I am currently putting together a few shows of my own in Holland, with a simple four-piece (two guitars, bass and drums) blues line-up. The band is called Snowy White's Bluesdrivers, and the gigs are called “Just for Fun” - which just about sums it up really. After that, actually by popular demand, I'm doing a couple of shows in Germany with most of the guys who played on the DVD. We'll do basically the DVD show but include a few things I would have liked to have done but couldn't as they were already on live albums or the previous DVD. All the details are on snowywhite.com. I really would love to do some shows in the USA, people often ask me about it so I'm looking at if it'll be possible at some point. As for recording, I'm working on some new ideas but I have not had time to shape it up and spit it out yet. I guess I'll record some material between now and the start of the European Wall tour in July, and finish it in the Autumn. I have no deadlines, so I'll just take my time and see where the muse takes me.
MSJ:
 You recently released MP3 downloadable albums of older demos and alternate takes from the 1980s solo albums. What inspired this, how easy was it to get access to the original tapes and will you consider CD releases of this material?
People often ask me if I have any older material that has not seen the light of day yet, and, whilst I actually like discovering and listening to the older material, (it brings back lots of - mostly good - memories), I'm not a big fan of scraping around amongst old tapes looking for things that are actually decent enough to release, because there's always a reason why they weren't released, generally because they weren't thought to be good enough. But so many people were interested that I thought I'd make some of the older things available.  I have access to most of my work so it was easy for me to trawl through and see what was what, and of course it's also easy to make them downloadable items. I'm not sure if there's any more worthwhile material there now, but I'm keeping an open mind, things keep turning up.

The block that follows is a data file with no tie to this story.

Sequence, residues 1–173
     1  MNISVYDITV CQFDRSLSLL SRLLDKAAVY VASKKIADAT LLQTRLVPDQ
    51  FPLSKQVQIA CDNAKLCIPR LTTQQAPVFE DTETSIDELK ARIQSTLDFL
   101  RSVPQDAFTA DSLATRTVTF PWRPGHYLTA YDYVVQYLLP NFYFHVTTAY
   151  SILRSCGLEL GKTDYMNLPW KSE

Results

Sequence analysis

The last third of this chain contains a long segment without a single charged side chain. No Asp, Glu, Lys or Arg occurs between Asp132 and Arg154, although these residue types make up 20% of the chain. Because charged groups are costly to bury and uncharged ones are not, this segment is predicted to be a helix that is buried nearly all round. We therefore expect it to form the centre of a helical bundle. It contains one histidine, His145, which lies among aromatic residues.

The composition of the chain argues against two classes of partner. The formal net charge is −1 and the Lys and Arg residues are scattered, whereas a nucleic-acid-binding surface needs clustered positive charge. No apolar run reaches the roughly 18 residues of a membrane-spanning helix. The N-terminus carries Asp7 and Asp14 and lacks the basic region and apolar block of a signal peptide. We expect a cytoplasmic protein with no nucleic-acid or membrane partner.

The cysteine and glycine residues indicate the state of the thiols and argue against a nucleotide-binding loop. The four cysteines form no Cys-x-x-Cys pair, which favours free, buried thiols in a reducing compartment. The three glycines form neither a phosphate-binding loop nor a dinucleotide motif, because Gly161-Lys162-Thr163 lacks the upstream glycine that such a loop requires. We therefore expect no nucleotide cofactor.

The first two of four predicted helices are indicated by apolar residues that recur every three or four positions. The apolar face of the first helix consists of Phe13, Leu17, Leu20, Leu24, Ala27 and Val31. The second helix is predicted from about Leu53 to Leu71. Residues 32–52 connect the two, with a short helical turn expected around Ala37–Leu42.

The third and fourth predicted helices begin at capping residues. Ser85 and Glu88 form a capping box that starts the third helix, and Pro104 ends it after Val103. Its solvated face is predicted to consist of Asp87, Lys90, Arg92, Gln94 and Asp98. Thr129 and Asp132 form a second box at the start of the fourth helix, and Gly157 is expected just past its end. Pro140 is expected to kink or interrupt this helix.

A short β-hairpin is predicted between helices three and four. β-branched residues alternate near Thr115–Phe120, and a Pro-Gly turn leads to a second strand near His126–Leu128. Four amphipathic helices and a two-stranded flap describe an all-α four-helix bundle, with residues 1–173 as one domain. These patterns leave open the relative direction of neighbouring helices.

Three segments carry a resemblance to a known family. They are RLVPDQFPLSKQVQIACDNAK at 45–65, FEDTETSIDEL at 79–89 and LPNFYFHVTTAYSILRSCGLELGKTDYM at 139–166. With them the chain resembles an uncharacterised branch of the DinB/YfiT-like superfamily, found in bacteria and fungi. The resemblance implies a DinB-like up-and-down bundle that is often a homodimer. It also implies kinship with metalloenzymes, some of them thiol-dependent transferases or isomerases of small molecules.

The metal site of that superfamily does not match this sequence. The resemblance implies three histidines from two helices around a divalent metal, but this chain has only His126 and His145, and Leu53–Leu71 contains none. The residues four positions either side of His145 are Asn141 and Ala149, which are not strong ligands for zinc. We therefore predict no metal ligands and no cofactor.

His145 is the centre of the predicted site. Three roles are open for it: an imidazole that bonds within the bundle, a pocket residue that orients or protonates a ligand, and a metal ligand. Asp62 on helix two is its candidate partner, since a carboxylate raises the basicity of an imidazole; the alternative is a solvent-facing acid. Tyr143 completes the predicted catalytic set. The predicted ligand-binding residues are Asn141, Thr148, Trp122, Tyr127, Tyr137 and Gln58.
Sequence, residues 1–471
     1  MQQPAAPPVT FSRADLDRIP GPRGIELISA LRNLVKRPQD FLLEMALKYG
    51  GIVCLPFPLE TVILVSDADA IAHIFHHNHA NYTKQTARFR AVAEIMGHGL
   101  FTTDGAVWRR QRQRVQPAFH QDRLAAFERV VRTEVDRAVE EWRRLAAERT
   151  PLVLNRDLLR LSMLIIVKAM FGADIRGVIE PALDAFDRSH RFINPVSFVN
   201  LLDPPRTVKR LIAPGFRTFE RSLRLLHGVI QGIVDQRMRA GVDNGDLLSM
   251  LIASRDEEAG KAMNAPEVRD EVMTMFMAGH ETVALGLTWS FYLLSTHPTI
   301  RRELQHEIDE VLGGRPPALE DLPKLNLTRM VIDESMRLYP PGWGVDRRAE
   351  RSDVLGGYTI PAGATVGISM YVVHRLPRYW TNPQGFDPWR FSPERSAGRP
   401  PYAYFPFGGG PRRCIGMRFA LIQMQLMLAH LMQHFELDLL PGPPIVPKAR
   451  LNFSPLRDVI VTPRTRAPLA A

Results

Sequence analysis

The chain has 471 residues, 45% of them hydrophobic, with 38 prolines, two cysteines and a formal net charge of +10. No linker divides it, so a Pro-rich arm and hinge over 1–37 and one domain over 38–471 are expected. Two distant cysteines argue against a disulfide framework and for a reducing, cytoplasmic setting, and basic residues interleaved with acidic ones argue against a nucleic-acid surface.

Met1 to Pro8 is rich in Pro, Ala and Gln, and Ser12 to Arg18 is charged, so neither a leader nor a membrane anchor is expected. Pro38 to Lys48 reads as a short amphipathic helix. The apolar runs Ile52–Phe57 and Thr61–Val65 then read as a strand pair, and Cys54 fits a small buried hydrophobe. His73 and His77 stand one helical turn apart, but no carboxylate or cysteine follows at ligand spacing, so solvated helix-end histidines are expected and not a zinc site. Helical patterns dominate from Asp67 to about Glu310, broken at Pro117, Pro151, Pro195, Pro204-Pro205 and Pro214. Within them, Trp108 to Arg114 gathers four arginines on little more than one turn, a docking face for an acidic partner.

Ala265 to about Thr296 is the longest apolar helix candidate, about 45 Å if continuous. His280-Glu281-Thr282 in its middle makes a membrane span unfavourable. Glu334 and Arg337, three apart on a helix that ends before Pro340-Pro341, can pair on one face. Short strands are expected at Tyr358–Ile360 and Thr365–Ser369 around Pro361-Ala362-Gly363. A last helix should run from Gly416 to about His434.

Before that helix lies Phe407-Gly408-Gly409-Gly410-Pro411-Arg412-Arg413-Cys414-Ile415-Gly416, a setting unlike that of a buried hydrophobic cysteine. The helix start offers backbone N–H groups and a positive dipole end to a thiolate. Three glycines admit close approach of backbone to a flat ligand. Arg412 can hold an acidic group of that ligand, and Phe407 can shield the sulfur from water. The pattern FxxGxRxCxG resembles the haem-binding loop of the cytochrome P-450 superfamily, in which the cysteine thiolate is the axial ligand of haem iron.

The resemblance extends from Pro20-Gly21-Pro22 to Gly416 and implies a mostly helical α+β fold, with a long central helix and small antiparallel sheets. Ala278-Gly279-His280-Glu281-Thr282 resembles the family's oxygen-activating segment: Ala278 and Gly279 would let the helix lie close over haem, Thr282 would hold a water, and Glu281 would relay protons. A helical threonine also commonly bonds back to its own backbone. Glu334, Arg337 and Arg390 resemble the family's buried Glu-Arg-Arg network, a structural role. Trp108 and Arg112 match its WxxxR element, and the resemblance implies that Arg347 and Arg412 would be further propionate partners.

MSJ: What are you listening to at the moment?
I don't normally listen to much music “at home.” I have plenty going on in my head all the time! But my neighbours have lent me some of their CD collection, so right I'm in my house in France having fun listening to everything from Dina Washington to John Coltrane, Frank Sinatra to Muddy Waters, Dean Martin to Peggy Lee, Chet Baker to Oscar Peterson, while I'm decorating the rooms. Good fun actually, just put on a compilation CD and I never know what's coming next!
MSJ: What was the last CD (album, MP3, etc) you bought?
I was wandering around some Canadian city (can't remember which one) last year and I found a fantastic little old-fashioned record store and spent ages in it, and finally bought a Mahler’s adagios collection, thought it might be nice to have it in my car for when I'm in the mood for that sort of thing. But I hardly ever buy CDs these days, because, when I do listen to something, it's mostly the music that I used to listen to when I was younger, all the blues guys.
MSJ: This interview is available in book format (hardcover and paperback) in Music Street Journal: 2013  Volume 1 at lulu.com/strangesound.